STUDENT OR TEACHER… WHO IS RESISTING EDUCATION THESE DAYS?

Colonization in education is when we enter the spaces and communities of students and insist that they acclimate to the spaces and communities we either come from or were taught to center in the university. A colonized education centers the cultural norms, experiences, and ethnic background of school leadership as the unspoken norm and the embodiment of a so-called universal standard of education and knowledge. To interrupt it is to interrupt ourselves in a manner which creates cognitive pain… but it is the only way that the soil will be ready for equity in our schools… in your school… right now.

 

When a child resists learning, reflect on where you, as school or home educator, are resisting the opportunity to teach. I don’t mean that you are literally mirroring the student with arms crossed and a mile-long pout to match. What I am attempting to do is simply challenge the belief that any human being, made in the image of the Creator, would “choose” not to learn. Even when we don’t condone what students are choosing to absorb, they are still learning with intentional deliberation and acute effort either it be song lyrics, the plot of their favorite cartoon, memorizing the social norms of being a teenager, or facts about their favorite sport or media icon. After over a decade of teaching, I have never in my life met a child or adolescent who did not learn, did not want to learn, or was unable to learn.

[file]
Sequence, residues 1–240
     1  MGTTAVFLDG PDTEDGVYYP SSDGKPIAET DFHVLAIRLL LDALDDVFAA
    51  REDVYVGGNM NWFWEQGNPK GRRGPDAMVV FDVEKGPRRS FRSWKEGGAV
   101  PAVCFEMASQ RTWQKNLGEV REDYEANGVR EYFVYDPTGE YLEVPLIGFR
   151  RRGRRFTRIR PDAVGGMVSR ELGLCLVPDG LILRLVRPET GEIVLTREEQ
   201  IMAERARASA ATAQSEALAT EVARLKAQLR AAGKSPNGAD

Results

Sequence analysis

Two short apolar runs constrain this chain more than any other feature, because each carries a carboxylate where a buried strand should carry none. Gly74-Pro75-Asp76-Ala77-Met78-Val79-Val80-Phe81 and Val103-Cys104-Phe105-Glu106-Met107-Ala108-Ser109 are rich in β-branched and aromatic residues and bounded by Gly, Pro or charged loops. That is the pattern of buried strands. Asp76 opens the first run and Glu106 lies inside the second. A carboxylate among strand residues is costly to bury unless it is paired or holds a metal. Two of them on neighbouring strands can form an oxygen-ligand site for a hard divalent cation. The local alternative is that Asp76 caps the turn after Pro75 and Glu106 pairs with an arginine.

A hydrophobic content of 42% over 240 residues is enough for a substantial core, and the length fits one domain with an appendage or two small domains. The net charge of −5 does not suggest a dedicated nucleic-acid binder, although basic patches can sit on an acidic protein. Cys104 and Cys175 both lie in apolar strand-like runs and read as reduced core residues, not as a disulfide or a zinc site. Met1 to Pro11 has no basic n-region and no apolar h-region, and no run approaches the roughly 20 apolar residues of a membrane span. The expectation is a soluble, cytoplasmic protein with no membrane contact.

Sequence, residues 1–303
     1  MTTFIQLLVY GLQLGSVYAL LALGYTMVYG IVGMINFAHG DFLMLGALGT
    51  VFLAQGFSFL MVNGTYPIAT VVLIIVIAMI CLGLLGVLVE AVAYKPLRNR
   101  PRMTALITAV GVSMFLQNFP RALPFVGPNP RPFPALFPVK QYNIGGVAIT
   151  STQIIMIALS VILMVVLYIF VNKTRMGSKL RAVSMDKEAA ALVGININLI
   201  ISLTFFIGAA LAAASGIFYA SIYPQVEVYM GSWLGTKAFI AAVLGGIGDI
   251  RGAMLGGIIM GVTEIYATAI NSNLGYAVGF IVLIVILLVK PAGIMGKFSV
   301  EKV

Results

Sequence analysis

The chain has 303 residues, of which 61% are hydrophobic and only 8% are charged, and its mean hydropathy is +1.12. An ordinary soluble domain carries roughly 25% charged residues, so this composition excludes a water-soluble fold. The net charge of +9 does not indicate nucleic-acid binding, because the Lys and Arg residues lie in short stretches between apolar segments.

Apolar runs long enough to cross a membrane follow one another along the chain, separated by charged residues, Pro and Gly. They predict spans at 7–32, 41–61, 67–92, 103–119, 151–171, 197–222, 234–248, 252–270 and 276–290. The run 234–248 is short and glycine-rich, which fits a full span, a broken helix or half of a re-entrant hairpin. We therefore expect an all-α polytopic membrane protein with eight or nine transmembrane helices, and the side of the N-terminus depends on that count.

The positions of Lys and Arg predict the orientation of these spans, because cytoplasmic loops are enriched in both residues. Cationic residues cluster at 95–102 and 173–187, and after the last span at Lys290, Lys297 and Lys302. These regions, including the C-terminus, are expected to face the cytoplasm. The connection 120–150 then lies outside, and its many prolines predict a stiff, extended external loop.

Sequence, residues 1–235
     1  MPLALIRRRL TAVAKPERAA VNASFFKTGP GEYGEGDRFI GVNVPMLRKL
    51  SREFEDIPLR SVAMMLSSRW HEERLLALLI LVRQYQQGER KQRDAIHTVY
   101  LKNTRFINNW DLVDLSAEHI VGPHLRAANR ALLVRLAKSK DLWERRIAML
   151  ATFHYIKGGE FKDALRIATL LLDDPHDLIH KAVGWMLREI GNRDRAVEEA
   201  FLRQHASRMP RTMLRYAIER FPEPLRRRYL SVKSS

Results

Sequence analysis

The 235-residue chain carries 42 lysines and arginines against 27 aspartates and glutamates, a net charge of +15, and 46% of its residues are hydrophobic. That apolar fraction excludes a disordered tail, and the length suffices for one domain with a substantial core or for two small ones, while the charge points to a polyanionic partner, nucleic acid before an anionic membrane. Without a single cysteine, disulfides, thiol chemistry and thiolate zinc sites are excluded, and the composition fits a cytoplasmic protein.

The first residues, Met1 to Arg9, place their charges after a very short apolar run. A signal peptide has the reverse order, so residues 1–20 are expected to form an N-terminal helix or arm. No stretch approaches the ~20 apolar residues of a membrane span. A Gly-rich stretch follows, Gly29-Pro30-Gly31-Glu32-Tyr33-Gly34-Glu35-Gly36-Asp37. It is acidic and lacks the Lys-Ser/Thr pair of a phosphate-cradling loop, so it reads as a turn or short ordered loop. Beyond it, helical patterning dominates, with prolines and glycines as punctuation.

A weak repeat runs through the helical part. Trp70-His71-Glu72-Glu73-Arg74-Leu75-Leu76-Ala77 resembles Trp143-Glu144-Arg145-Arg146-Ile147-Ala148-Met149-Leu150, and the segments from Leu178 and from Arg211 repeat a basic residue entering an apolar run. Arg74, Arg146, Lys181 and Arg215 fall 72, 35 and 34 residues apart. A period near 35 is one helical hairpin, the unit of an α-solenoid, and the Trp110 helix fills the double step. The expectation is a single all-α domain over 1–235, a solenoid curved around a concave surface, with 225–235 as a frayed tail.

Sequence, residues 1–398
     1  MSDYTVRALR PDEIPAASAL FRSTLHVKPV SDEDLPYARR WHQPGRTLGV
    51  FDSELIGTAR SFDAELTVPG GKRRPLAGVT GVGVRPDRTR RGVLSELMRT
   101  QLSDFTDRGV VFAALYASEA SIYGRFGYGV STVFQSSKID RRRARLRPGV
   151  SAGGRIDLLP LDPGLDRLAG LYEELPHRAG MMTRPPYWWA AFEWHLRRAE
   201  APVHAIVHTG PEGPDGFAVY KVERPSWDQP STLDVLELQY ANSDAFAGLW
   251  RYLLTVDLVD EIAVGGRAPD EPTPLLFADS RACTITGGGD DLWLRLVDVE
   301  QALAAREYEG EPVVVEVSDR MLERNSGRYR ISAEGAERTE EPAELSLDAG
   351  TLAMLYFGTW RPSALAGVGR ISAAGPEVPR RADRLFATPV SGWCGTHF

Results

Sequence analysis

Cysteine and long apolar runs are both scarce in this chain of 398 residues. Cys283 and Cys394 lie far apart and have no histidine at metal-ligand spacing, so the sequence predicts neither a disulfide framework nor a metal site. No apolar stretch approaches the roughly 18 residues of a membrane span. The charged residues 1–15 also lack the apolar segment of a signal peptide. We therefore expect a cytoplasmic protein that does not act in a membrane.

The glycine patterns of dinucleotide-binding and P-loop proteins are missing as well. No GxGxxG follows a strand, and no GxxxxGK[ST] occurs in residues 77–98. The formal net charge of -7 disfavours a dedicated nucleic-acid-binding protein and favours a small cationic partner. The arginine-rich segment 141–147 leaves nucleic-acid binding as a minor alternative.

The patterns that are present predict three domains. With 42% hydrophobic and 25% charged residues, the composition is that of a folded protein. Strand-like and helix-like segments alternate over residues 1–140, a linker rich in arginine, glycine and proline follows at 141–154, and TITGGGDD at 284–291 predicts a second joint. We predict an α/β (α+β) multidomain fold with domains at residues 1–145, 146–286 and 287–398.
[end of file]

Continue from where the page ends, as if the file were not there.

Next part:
Allow me to be transparent. What I am about to say, I did not just know on my own. I learned by falling, struggling, and making the necessary changes within myself for it turned out, in my case, it was not the children that were lacking but instead it was me. During my first month of teaching, I had an energetic and bright class of elementary and middle school students who… well… tried my patience and faith simultaneously. However, what I found in the first few days of my teaching experience was that I was failing to see how the students preferred to be taught and how they were already socialized by the richness of their culture, experiences, families, and communities to learn best. I remember trying to put myself in their shoes, recalling who I was, what I felt, and what I wanted when I was their age. I shared a similar race, class, and certain life experiences with the large group of elementary and middle school students that I had been gifted to teach. With all sincerity, I desperately wanted to be a phenomenal teacher and, to be honest, though I was too prideful to admit it at the time, I wanted them to like me and maybe, just maybe, to be their favorite teacher! I know! Overzealous, huh? Maybe some of you can relate to the eagerness of beginning a teaching career in your twenties.